Grassroots Liberals pressuring Trudeau government to be more progressive
by Joan Bryden and Keith Doucette, The Canadian Press
Liberal party members are pushing the government to tackle issues like pharmacare, prostitution and illegal drugs to court progressive voters away from the NDP in the 2019 federal election
HALIFAX—Prime Minister Justin Trudeau’s government is being pushed by backbenchers and grassroots Liberals to take a more progressive stance on issues such as pharmacare, prostitution and illegal drugs.
The pressure came Friday during the first full day of the Liberals’ national convention and it was motivated, at least in part, by a determination not to be outflanked by the NDP in the battle for progressive voters in next year’s federal election.
At the same time, however, Trudeau’s ministers were applying some pressure of their own—urging party faithful to get out and sell the government’s support for the controversial Trans Mountain pipeline expansion in the face of opposition from environmentalists, some Indigenous groups and British Columbia’s NDP government.
One resolution, proposed by the national caucus, calls for the country’s universal health-care system to be expanded to include coverage of prescription drugs, echoing a call by the Commons health committee last week.
Finance Minister Bill Morneau’s most recent federal budget announced the creation of an advisory committee, headed by former Ontario health minister Eric Hoskins, to study the implementation of national pharmacare.
But Oakville MP John Oliver, a member of the health committee, warned that the fight for pharmacare is not a done deal and he urged delegates to support the resolution to send a message to the Prime Minister’s Office.
“I think it’s so important that Liberals own this issue, we don’t let the NDP own it. We need to own it as Liberals, it’s got to come out of this convention as the No. 1 priority.”
New Democrats approved a resolution on national pharmacare at their recent convention.
Oliver warned that “very powerful lobby groups”, including the big pharmaceutical companies and insurance companies, will fight a universal pharmacare plan. And he said there will be “all kinds of other people resisting it”—not mentioning that Morneau himself initially talked about strictly providing drug coverage for Canadians who aren’t already covered by private drug plans.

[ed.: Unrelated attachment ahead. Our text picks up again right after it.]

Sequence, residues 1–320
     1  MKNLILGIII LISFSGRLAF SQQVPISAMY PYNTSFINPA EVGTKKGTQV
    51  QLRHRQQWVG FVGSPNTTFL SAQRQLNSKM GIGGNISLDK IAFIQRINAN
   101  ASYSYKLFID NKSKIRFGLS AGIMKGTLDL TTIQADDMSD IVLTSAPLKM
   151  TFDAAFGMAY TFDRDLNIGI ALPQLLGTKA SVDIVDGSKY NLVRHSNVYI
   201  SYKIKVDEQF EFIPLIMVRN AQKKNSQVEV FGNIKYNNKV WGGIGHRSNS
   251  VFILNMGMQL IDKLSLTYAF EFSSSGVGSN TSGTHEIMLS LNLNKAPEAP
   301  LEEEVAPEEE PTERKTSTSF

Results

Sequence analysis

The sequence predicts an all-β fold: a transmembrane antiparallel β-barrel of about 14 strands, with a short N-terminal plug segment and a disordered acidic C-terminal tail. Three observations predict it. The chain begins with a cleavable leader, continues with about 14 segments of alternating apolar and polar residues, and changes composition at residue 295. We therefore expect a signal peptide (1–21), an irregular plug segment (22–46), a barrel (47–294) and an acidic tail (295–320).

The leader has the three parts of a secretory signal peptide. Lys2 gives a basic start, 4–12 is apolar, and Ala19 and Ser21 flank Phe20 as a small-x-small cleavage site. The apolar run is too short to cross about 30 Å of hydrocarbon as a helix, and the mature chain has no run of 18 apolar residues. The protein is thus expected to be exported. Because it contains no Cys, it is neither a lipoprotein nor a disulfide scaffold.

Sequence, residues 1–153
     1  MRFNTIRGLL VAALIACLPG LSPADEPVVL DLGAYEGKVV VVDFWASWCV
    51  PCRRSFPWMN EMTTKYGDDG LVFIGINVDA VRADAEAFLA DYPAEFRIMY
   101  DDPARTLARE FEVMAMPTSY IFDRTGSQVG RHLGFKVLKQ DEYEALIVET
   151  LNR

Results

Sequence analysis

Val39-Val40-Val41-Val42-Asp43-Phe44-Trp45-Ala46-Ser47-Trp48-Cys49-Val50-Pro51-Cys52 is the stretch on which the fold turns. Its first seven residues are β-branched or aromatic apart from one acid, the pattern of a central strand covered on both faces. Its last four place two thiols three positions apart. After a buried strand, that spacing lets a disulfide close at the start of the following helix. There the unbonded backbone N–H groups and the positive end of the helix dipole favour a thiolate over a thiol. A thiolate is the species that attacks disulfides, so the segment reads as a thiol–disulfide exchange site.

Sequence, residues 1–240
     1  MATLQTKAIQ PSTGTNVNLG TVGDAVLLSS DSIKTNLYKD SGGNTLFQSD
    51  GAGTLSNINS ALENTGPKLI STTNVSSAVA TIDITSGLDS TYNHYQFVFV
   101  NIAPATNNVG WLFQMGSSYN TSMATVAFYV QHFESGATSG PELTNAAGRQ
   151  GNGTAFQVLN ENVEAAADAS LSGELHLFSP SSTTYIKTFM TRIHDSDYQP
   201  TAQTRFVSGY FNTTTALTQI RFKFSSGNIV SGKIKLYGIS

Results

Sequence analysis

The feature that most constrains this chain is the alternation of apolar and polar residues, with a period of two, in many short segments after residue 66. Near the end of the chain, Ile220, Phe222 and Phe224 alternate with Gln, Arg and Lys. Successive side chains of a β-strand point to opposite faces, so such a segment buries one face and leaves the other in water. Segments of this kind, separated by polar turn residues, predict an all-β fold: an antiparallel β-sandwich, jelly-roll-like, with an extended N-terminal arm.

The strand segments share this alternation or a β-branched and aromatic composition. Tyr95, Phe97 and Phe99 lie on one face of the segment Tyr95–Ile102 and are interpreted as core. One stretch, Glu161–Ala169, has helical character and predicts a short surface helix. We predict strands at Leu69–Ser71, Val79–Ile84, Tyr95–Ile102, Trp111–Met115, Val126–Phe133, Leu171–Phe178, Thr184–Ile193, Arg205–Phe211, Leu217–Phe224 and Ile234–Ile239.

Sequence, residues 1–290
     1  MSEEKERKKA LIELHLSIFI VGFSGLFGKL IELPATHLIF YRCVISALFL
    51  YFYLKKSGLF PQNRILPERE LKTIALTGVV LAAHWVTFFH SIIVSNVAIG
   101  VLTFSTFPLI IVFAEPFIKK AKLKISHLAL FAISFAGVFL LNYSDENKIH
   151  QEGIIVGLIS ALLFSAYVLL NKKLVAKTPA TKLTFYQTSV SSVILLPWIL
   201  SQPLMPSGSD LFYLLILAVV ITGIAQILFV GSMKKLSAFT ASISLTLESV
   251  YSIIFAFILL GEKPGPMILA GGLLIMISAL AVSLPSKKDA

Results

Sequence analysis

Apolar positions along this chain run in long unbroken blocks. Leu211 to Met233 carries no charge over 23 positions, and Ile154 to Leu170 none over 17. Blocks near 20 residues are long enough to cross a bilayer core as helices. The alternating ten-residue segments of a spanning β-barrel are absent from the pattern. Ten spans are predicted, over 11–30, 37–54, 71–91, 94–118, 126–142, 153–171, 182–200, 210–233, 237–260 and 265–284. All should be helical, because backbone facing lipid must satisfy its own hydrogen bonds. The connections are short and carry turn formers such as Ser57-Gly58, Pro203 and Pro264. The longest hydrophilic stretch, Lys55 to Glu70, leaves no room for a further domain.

Another resolution proposed by the caucus calls on the government to decriminalize simple possession and consumption of all illicit drugs, adopting a model similar to that used in Portugal where the emphasis is on getting drug users into treatment.
New Democrats have adopted a similar resolution.
Health Minister Ginette Petitpas Taylor reiterated Friday that Canada and Portugal are very different countries. And she noted that Trudeau has been clear that legalizing recreational marijuana is as far as he’s prepared to go in removing the criminal prohibition on drug use.
But Toronto MP Nathaniel Erskine-Smith urged grassroots Liberals not to take no for an answer.
“The government is committed to the grassroots, the government is committed to evidence and if we come out of this supporting (this resolution) I think the government will change its mind,” he told the workshop.
At another workshop, there was little evidence of support for a resolution calling for the decriminalization of prostitution, proposed by the party’s youth commission.
But Young Liberal president Mira Ahmad said it’s very popular among youth delegates, who make up almost one third of the roughly 3,000 Liberals at the convention.
“Youth have a history of challenging the party status quo and pushing for progressive policies,” she said after the workshop, conceding that “Some Liberals may not like it.”
Justice Minister Jody Wilson-Raybould said the government is already considering decriminalization, among other options, for dealing with the sex trade.
Wilson-Raybould also indicated that she’s open to listening to arguments about decriminalizing all drugs, although she stressed her priority is cannabis, which is to be legalized this summer. However, she later clarified that “we are focused on cannabis and we are not moving forward on any other decriminalization.”
The clarification was in line with Petitpas Taylor, the lead minister on the drug file who was decidedly cool to the idea. She warned that decriminalization “is not the silver-bullet solution” to the opioid crisis.
During a panel discussion on the environment and the economy, Environment Minister Catherine McKenna appealed to delegates to back the government’s determination to see the Trans Mountain pipeline expanded. Getting bitumen from Alberta’s oil sands to tidewater in B.C. is part of the balance the government is trying to strike, protecting the environment and reducing carbon emissions while still growing the economy, she argued.
“We have to stop the polarization,” McKenna said.
“That’s why I need you to stand up and support what we are doing to take action on climate change and also support projects that make sense in getting resources to market.”
Outside the convention, a handful of protesters denounced the pipeline and the government’s environmental policy in general. And inside, Natural Resources Minister Jim Carr acknowledged that some Liberals are also likely uneasy about the pipeline.
“Within our party there will be those who think pipelines are not a great idea, but when they hear the arguments about the alternatives of moving the product by rail or by pipeline … I think they will see the position that we have taken.”
Carr said he’s not comfortable watching the Alberta and B.C. governments duke it out in public over the pipeline. But while he understands they’re standing up for their provincial interests, he said the federal government has another priority.
“There is only one government of Canada. We will be accountable for protecting the interests of the entire nation.”